As to the rest of the county - well we cannot cover everything with such a small group but it does show where there are opportunities to advance our understanding of the distribution of species in the county. With the Dipterists Forum Spring Field Meeting being in the Rockingham Forest area we should be able to fill in a few gaps in the North-East of the county but what about the West and extreme South? If anybody fancies a bit of "square-bashing" there are plenty of opportunities to fill in some gaps.

Dipterists Forum

Last November's AGM at Bristol was well attended and we were entertained and informed by a number of very good presentations. One presentation was by Jolyon Alderman, who talked about his research on swarming at Delapre Woods and on making equipment for studies.  The AGM this year will be at the Natural History Museum in London so will be easily accessible for a day trip on the train.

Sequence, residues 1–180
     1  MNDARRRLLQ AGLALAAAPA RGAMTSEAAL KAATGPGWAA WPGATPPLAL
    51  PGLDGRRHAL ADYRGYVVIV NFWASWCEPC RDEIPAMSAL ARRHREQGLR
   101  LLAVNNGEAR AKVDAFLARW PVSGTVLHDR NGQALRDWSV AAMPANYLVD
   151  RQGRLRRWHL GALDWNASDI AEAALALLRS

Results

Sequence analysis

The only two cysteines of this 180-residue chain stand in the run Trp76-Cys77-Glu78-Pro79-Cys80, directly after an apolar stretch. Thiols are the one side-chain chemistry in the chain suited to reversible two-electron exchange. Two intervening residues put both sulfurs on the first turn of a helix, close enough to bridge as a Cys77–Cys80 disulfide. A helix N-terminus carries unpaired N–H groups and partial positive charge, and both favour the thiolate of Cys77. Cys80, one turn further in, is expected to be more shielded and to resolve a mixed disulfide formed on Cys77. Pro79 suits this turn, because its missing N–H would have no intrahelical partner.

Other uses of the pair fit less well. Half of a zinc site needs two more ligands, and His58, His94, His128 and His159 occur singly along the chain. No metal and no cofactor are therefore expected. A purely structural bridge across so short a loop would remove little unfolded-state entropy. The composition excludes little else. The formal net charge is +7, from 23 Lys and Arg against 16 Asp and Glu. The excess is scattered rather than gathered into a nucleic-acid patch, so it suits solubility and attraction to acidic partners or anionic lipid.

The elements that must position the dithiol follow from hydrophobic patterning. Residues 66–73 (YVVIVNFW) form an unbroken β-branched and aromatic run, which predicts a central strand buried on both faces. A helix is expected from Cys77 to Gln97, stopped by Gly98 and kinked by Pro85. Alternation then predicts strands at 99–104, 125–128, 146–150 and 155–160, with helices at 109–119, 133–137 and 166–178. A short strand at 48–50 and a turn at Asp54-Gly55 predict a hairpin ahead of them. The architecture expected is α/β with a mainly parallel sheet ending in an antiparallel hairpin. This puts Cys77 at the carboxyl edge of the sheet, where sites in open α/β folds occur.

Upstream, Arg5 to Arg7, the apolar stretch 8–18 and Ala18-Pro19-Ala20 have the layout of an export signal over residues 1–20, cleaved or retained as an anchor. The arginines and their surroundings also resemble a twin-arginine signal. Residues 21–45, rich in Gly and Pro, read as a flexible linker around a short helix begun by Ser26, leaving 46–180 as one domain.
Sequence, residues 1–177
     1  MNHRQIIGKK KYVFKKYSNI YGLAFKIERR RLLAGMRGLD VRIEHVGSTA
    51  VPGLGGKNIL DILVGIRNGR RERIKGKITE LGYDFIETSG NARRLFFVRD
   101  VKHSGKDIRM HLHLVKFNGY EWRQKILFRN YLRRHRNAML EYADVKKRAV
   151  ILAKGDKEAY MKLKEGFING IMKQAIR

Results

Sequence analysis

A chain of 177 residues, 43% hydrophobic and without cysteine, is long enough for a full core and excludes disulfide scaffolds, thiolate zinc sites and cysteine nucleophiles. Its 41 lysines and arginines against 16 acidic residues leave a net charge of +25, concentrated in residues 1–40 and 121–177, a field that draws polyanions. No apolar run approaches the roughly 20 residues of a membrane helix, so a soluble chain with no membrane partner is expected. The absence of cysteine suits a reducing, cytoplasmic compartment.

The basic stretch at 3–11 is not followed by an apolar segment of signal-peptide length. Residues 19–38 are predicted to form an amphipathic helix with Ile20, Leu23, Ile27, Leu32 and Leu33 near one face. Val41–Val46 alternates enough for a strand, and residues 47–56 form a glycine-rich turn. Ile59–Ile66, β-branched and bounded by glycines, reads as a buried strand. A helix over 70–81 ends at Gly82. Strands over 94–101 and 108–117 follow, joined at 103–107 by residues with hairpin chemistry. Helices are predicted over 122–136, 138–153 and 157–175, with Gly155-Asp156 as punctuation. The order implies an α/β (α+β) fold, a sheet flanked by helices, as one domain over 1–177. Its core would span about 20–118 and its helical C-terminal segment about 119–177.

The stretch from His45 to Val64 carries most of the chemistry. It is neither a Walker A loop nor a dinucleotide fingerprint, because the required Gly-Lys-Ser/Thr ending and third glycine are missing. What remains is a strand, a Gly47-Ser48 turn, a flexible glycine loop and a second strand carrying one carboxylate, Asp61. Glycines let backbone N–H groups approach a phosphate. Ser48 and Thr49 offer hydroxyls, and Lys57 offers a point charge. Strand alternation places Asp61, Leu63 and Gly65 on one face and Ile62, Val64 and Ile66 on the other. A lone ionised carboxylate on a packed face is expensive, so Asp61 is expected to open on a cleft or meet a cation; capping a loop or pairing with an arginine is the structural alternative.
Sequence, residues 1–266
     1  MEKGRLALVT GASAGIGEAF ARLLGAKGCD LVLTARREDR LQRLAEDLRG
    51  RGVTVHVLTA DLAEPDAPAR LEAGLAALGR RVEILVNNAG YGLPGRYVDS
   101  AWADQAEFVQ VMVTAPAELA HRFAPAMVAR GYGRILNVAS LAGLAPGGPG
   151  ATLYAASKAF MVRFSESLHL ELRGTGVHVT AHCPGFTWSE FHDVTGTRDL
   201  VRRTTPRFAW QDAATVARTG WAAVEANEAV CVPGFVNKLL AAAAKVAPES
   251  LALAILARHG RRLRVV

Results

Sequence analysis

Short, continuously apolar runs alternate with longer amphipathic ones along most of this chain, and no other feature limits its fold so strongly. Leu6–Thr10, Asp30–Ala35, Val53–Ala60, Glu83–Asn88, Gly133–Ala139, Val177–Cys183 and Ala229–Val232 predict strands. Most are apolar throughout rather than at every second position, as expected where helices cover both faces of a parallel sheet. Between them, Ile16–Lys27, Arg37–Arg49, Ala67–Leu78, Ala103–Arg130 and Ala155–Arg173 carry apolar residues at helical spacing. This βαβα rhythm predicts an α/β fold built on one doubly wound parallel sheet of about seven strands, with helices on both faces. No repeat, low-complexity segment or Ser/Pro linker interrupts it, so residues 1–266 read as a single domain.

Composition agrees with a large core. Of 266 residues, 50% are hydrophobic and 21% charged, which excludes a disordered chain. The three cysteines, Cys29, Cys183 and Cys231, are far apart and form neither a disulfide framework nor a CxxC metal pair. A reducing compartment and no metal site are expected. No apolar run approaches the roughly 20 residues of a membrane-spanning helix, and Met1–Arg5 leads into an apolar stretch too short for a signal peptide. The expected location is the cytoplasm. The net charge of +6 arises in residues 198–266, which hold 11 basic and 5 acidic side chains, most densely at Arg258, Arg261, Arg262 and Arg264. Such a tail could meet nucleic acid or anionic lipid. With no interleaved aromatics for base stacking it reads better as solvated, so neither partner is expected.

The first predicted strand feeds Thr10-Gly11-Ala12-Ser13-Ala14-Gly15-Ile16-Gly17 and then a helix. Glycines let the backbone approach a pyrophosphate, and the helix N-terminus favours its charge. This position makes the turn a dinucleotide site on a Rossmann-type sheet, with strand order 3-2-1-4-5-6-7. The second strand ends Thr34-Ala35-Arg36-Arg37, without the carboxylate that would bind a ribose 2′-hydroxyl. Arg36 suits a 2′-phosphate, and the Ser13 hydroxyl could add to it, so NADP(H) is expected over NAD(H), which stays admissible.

The Spring weekend field meeting will be held in the Rockingham Forest area over 17 - 19th May.  This will be a great opportunity for local members to meet some people from further afield. I have made some good friends from these field meetings and always enjoy catching up with them. I have scheduled our VC32 field meeting on the 19th May at Southwick/Short Woods to coincide with this. Look out on the DF website for details of these meetings.


Last year, a very comprehensive book on flies, "Flies" by Stephen A. Marshall, was published. Jolyon Alderman is reviewing the book for the BENHS Journal so I won't steal his thunder. However I can say that I am finding it fascinating and some of the photographs are stunning.

Roger Morris and Stuart Ball's book on Hoverflies has gone to the printers and they are hopeful that it will be available by the start of the season.

Cranefly Identification Workshop